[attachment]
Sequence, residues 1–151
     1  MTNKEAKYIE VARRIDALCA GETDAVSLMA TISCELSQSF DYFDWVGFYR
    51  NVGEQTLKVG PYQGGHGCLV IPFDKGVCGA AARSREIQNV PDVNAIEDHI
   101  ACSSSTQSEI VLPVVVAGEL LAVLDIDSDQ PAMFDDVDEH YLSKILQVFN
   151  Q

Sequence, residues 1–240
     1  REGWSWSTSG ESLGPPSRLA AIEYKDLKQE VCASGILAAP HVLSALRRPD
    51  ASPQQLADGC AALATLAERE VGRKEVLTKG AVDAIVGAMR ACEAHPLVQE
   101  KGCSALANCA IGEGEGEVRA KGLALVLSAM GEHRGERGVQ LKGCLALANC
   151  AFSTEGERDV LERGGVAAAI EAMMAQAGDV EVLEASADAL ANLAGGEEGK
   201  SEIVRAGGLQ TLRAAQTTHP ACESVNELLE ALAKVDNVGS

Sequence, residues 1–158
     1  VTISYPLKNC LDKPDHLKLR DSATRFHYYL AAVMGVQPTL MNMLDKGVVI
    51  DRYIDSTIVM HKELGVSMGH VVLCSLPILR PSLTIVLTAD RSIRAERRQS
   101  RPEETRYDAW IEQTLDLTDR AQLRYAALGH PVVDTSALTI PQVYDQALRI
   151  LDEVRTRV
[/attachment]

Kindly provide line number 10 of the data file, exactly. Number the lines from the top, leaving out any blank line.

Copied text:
   151  AFSTEGERDV LERGGVAAAI EAMMAQAGDV EVLEASADAL ANLAGGEEGK